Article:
The National Research Council was organized by the National Academy of Sciences in 1916 to associate the broad community of science and technology with the Academy’s purposes of furthering knowledge and advising the federal government. Functioning in accordance with general policies determined by the Academy, the Council has become the principal operating agency of both the National Academy of Sciences and the National Academy of Engineering in providing services to the government, the public, and the scientific and engineering communities. The Council is administered jointly by both Academies and the Institute of Medicine. Dr. Ralph J. Cicerone and Dr. Wm. A. Wulf are chair and vice chair, respectively, of the National Research Council.
COMMITTEE ON ADVANCES IN TECHNOLOGY AND THE PREVENTION OF THEIR APPLICATION TO NEXT GENERATION BIOTERRORISM AND BIOLOGICAL WARFARE THREATS
Stanley Lemon, Co-chair,
The University of Texas Medical Branch at Galveston
David Relman, Co-chair,
Imperial College London
Stanford University and SETI Institute
University of Medicine and Dentistry of New Jersey
Stephen S. Morse,
Virginia Polytechnic Institute and State University
Alfred P. Sloan Foundation
The University of Texas Medical Branch at Galveston
Arizona State University
Foundation for Biotechnology Awareness and Education, Bangalore
Julian Perry Robinson,
University of Sussex
University of Toronto
Pfizer Global Research and Development
Eileen Choffnes, Senior Program Officer
Stacey Knobler,** Senior Program Officer
Kate Giamis, Senior Program Assistant
Life sciences knowledge, materials, and technologies are advancing worldwide at a dizzying and ever-accelerating rate.1 It is undeniable that this new scientific knowledge and these advancing technologies hold extraordinary potential to improve public health and the quality of life for people worldwide, strengthen national economies, and close the development gap between the North and South. However, as with all scientific revolutions, there is a potential dark side to the advancing power and global spread of biotechnology. Every major new technology has been used for hostile purposes, and many experts believe it naive to think that the extraordinary growth in the life sciences and its associated technologies might not be similarly exploited for malevolent purposes.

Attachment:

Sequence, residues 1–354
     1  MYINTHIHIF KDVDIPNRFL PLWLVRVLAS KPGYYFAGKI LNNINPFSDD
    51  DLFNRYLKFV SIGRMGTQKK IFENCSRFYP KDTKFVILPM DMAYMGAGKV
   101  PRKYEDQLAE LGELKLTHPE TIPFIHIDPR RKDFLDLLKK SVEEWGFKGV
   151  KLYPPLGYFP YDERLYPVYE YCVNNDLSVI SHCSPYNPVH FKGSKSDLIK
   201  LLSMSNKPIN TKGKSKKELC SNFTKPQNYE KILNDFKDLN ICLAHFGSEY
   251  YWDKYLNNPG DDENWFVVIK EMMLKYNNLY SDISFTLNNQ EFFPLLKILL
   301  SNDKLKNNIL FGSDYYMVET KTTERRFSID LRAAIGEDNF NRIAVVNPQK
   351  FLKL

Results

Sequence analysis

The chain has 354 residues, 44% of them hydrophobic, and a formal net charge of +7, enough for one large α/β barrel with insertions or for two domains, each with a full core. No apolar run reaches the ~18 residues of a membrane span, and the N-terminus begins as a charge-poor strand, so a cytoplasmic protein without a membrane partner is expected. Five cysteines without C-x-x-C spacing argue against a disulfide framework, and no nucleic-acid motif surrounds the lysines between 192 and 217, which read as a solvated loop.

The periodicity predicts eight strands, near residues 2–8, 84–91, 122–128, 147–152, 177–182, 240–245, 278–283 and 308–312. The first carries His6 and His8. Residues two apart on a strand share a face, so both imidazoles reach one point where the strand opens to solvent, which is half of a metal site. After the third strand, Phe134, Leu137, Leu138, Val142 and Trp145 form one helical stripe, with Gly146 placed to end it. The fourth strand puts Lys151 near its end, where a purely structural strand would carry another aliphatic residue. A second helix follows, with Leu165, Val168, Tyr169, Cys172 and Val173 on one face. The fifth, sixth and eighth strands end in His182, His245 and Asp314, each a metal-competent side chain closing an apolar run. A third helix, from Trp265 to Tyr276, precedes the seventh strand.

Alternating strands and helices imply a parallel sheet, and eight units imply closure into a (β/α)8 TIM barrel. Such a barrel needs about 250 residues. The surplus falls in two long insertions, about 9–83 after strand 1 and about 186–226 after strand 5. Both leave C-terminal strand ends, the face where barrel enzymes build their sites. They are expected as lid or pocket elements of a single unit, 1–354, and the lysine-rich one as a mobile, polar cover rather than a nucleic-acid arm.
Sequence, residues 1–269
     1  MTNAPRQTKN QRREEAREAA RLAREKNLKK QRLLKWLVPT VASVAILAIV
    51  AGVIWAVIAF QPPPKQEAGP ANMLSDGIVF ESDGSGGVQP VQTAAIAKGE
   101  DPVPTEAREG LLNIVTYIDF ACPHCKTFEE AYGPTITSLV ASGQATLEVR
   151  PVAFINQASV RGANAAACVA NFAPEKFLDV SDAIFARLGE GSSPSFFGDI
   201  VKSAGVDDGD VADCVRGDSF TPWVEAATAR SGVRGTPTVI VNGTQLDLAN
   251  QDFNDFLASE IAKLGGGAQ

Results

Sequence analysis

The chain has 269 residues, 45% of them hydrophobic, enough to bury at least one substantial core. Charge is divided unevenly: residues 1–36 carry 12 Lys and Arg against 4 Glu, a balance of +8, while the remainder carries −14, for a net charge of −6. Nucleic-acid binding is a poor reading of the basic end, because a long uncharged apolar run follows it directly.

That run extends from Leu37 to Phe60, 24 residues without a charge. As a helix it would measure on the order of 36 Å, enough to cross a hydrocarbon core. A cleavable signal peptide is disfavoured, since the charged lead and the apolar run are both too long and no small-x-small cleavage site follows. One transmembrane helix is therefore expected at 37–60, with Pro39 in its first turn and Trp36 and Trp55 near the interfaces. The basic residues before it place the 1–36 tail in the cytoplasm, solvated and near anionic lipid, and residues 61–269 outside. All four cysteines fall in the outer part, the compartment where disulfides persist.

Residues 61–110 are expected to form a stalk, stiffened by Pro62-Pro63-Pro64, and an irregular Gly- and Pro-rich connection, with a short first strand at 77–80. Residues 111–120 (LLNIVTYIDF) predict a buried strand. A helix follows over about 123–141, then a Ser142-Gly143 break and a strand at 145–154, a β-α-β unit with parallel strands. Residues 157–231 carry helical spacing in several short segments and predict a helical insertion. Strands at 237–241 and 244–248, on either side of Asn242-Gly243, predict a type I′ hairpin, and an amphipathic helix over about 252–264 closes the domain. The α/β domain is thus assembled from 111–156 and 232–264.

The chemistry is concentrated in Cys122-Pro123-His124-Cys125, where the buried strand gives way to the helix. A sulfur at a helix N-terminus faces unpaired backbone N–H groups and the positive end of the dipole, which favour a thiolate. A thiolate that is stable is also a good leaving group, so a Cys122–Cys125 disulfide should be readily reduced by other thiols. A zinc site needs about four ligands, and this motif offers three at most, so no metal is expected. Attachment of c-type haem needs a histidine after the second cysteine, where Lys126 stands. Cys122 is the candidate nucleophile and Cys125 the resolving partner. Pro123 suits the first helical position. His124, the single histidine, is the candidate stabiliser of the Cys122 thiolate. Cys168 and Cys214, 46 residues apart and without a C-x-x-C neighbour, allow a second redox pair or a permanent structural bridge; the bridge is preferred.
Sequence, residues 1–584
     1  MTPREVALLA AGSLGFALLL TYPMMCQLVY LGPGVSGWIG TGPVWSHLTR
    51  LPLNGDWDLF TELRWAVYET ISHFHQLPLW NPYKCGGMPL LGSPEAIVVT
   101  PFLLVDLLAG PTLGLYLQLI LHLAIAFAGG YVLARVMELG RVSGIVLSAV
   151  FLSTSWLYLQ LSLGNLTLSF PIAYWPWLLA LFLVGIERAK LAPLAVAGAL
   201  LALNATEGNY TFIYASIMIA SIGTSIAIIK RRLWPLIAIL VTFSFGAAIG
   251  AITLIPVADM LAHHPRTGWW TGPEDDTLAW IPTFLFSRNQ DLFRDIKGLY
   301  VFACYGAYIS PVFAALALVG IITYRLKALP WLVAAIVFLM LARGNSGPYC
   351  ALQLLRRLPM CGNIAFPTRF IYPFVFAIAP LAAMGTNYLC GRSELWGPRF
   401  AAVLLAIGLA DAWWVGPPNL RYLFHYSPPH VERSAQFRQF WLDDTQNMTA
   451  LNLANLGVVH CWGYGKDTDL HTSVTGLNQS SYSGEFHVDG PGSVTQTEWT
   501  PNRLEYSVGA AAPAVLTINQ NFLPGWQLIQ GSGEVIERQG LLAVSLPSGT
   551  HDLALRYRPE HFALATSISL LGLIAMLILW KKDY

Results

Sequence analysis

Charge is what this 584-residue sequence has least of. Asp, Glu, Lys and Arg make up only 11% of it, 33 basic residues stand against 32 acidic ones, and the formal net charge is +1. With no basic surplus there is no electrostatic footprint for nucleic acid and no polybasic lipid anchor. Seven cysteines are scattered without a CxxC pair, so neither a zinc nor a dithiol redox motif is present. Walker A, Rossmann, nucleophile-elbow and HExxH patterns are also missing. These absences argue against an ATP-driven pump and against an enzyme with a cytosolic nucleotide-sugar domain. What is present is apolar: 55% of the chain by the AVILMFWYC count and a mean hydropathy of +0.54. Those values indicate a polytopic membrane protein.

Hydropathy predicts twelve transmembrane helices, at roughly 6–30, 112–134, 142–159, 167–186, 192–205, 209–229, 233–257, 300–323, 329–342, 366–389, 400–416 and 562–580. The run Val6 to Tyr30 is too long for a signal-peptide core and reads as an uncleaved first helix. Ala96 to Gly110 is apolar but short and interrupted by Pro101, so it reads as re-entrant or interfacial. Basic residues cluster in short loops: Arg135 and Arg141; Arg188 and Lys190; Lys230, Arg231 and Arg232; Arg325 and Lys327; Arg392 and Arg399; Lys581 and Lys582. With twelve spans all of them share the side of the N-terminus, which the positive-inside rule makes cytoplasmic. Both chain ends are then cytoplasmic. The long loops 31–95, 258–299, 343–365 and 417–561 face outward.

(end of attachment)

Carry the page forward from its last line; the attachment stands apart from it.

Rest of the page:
The global spread of expertise in biotechnology and biological manufacturing processes raises concerns about how these advancing technological capabilities could not only alter the research and development landscape in the life sciences, but also enable the creation and production of new agents of biological origin with unique and unpredictable characteristics. The Committee on Advances in Technology and the Prevention of Their
Application to Next Generation Biowarfare Threats, an ad hoc committee of the National Research Council and the Institute of Medicine, is examining current trends and future objectives of research in the life sciences, as well as converging technologies from other fields such as materials science, bioinformatics, and nanotechnology, that may enable the development of a new generation of biological threats over the next five to ten years, with the aim of identifying ways to anticipate, identify and mitigate this danger.
ABOUT THE WORKSHOP